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Tuesday, September 11, 2012

Lagavulin 16 Year and Enjoying Peat

Oddly enough, this particular Scotch whisky happens to be the top choice for my mother. This may have to do with the fact that we drank it in a small B&B on the Isle of Skye in Scotland called the Sconser Lodge. Next time I go back to Skye, I am staying here again. The whole place has something like 8 rooms, but they have a dining room and a full bar. We ate and relaxed in the bar (which was heated by coal). There is just something about a freezing cold Scottish day and the smell of a coal fire that just really makes you appreciate a peaty whisky. 

There is no denying, Lagavulin is a peaty Scotch whisky. It hails from Islay, an island off the western coast of southern Scotland. This island happens to be known for producing very peaty Scotch whiskies.  Most of their fellow Islay malts are also very good, but for my palate, Lagavulin 16 takes the cake. This very well could be the fact that most of the other Islay malts that I have tried are 10 or 12 year malts. The Lagavulin is just much smoother than the others, giving some salvation from what many people would consider to be an unrelenting assault of smoke on the tastebuds. I happen to like the peat in a whisky, but it is both an acquired taste and something that you should be expecting in order to enjoy it. Maybe you shouldn't start your excursion into peat with one of the big boys. Ease your way in. Scotch whisky has never been about speed. Take your time and enjoy what you can. It is like with beer. Your first beer isn't going to be an Eisbock. It takes time to develop tastes for such overwhelming flavors.

I would say if you are interested in a region by region progression of enjoying Scotch whisky, I would do as follows:
1) Start off with a Lowland malt, like Glenkinche. These whiskies are generally a little bit lighter in flavor, and may help to ease you into a whisky palate.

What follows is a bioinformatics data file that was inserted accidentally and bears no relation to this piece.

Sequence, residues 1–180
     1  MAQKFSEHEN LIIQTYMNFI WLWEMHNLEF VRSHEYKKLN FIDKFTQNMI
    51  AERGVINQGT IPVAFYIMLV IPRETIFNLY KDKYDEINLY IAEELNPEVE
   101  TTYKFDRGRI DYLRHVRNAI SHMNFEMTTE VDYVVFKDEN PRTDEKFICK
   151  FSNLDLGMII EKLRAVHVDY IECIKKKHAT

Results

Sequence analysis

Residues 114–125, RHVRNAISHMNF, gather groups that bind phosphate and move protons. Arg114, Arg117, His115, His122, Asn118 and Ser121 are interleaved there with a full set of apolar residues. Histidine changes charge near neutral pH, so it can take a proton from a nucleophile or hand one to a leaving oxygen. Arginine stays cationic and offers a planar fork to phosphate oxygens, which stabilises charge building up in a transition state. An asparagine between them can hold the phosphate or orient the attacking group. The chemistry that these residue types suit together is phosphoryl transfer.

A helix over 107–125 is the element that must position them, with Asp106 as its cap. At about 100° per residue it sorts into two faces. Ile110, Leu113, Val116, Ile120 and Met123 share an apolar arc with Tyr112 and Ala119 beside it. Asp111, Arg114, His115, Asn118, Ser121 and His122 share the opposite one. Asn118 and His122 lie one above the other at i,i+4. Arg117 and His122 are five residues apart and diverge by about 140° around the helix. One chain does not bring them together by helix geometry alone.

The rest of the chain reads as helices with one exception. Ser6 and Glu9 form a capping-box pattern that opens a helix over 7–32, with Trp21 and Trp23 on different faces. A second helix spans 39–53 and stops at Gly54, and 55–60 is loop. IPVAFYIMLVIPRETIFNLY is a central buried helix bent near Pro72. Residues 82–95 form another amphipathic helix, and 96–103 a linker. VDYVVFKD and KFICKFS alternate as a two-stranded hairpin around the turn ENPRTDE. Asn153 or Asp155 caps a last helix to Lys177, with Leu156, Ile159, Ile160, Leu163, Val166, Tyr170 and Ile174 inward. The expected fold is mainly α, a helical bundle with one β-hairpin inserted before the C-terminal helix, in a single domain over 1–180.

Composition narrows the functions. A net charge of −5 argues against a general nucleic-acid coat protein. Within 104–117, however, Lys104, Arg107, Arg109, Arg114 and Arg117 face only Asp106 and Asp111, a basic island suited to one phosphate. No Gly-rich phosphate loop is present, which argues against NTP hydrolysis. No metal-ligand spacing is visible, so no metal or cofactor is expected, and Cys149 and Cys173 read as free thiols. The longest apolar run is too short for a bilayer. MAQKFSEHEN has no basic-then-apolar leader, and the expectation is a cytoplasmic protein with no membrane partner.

2) Move yourself north into a Speyside malt. These are generally a bit sweeter, but with a good deal more complexity than a lowland. These are very easy to find, examples being Glenfiddich and Glenlivet. 
3) Jump over to a Highland malt. Highland malts also technically include the islands (other than Islay). These will give you a blend of sweetness and smoke, in varying degrees, allowing for a sort of "wading in" to the world of peat. I would suggest a Highland Park or a Talisker. 
4) Arrive at your Islay malt when you are comfortable with the amount of peat in Highland. Add a dash of water at first to cut some of the burn. Now you are at a point when you can decide if you like the flavor, or if you don't. If you don't there is no sense drinking something that you don't appreciate/like, so just stick to what you do. Leave the fire water to those of us that enjoy it. 

Lagavulin 16 is generally in the range of about $80 a bottle, so it is by no means cheap. There are certainly less expensive Islay malts out there if you are curious, but not sold. I would suggest trying a friend's Islay before you invest. I can all but guarantee you that even if you don't enjoy it, the whisky will not go to waste. 

Fun Fact: This is the whisky of choice for Ron Swanson.

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Thursday, September 6, 2012

Poperings Hommel Ale